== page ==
He visited me in Iowa for a few months and I got to compare living with him to living without him. I began to consciously weigh the benefits of each. I realized the only concrete benefit of him being there was free babysitting.

I also realized that even if it were true, as he often told me, that no one else would want to marry me--I would be much happier living alone than living with him.

It took a few months to come to this conclusion after he left for the west coast, and it was very much an internal process. I did not discuss it with anyone, and from outside it may have appeared that I was as dependent upon him as ever. Nevertheless there came a day when I was able to write the letter to him that freed me forever from the life of abuse I had led. Knowing that I had given the marriage every chance to succeed, I was never haunted by doubts or guilt about its end.

Recovery does not stop with the act of leaving the abuser. I had to learn how to rebuild my self-esteem from the ground up, and I would say that I continue to recover to this day. I see it as a life-long process.

What does a battered woman need from her supporters? She needs for them to be willing to honor the ups and downs of her process, to be reminded from time to time that she does not deserve abuse, that she is worthy of love and respect, and to provide the assistance she requests when she is ready to leave, no matter how many times she goes back.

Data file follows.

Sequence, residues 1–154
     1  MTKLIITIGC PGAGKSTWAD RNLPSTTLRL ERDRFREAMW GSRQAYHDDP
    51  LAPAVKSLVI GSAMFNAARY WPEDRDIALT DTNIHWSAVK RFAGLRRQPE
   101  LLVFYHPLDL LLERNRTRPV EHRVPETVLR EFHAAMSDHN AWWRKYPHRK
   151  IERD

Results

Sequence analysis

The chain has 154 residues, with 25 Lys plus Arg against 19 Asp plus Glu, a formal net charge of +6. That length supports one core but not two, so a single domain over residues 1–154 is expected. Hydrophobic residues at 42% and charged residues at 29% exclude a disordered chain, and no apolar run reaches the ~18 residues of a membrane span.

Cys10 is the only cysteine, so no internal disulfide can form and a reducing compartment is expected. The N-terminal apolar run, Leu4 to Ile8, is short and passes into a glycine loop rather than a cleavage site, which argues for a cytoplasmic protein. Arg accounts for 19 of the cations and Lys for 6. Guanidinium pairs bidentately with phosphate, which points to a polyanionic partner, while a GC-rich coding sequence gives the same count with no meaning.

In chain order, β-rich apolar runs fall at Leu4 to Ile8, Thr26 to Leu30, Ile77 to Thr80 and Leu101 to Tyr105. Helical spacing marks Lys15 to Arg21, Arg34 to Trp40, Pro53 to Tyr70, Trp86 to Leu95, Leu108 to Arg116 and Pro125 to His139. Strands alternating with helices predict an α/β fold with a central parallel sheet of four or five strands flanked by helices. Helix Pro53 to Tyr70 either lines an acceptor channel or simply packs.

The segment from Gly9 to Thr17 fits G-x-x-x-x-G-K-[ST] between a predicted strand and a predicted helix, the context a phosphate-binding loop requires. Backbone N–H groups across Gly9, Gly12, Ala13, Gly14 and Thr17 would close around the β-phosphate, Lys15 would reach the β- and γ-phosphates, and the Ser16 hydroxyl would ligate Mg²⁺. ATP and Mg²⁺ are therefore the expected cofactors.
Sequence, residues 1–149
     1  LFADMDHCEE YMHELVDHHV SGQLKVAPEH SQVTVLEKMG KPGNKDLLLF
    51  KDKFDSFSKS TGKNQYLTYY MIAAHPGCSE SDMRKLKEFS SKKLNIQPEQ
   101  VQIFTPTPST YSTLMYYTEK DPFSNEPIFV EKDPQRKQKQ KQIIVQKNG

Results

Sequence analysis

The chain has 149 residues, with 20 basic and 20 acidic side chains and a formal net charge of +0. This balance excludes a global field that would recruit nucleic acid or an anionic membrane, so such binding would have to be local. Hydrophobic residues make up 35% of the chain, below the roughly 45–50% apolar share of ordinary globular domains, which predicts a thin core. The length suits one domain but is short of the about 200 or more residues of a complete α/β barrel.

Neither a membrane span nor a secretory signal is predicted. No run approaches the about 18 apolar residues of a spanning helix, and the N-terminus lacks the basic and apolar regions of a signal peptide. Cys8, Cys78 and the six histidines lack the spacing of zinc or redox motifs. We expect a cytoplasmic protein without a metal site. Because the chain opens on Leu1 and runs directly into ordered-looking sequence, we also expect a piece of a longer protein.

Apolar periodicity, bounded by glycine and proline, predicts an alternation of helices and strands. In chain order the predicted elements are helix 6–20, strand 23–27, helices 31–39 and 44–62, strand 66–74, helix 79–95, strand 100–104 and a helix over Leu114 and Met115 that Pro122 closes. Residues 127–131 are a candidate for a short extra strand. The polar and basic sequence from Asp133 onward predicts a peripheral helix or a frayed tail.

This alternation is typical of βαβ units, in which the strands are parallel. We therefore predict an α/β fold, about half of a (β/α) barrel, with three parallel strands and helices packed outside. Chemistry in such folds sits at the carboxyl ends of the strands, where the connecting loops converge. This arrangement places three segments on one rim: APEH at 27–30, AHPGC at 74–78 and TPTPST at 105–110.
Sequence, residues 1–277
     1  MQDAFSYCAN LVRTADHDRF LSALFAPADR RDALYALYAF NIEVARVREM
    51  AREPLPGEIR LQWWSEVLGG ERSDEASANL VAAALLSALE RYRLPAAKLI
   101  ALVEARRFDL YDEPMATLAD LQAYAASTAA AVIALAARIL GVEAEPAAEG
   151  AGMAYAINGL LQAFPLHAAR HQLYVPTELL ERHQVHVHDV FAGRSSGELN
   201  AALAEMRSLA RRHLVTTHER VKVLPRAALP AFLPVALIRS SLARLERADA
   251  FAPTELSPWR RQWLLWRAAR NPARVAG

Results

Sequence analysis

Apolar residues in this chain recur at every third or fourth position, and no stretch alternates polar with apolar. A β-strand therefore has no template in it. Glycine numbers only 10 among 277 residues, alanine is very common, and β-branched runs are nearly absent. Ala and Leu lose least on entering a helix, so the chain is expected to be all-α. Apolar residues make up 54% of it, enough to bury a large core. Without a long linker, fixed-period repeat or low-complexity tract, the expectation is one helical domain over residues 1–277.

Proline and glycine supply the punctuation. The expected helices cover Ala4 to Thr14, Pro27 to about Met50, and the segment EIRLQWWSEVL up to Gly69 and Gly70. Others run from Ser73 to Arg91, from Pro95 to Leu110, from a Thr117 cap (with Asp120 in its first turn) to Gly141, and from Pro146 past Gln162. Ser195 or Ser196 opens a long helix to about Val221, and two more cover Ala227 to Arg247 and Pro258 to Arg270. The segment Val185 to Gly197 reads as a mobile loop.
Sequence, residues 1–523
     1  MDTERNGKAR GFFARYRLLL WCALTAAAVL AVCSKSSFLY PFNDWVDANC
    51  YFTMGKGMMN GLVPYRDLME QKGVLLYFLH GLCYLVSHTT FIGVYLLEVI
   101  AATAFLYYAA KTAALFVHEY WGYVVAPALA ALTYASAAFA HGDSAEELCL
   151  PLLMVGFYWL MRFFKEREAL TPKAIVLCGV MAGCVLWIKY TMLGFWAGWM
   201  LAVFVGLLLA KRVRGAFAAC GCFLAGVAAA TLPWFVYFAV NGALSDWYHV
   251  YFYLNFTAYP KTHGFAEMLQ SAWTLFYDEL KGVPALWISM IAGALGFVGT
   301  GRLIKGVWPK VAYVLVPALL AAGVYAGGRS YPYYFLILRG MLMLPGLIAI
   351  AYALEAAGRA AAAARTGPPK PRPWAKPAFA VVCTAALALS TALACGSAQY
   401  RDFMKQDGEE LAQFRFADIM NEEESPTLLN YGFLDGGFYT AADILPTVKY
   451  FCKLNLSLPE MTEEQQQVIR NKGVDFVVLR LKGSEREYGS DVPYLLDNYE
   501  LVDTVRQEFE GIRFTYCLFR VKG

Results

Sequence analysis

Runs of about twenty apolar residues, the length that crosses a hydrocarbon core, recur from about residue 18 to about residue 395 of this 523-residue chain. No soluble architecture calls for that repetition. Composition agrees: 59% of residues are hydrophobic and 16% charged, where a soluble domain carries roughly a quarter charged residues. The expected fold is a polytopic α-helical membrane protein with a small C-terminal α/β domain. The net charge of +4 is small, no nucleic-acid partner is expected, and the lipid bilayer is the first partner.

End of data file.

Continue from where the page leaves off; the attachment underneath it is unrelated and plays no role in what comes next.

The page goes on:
*Published 1994 in La Gazette
04 August 2014 @ 04:35 pm
We spent all day yesterday at our future home, cleaning, moving stuff out, getting our new stove and dishwasher delivery and other prep for Saturday's move. I did some pre-cleaning with serious chemicals to eradicate mold and mineral deposits so today I'm really congested. Tuesday the cleaners will work on making it safer for me to live there by concentrating on the worst of the mold and grime and Friday the carpet, upholstery tile and grout cleaners come. Hoping it is habitable by Saturday! I think some areas will need paint very soon, though, to seal away whatever mold spores burrowed into the painted stucco walls.

I am trying to focus on the coolest aspects like new appliances and vintage light fixtures.


These are in the bedrooms. I scored a vintage Kitchen Aid mixer yesterday, left behind by Dave's grandma Helen. I had just been looking at a chart of the different mixers the day before, trying to figure out why the Artisan was so much more expensive than the Classic. :)

Saturday I did something really stupid and got a mild concussion. OUCH! You would think that being on blood thinners would make me more careful. SMH at myself. At least the ER trip was mercifully brief.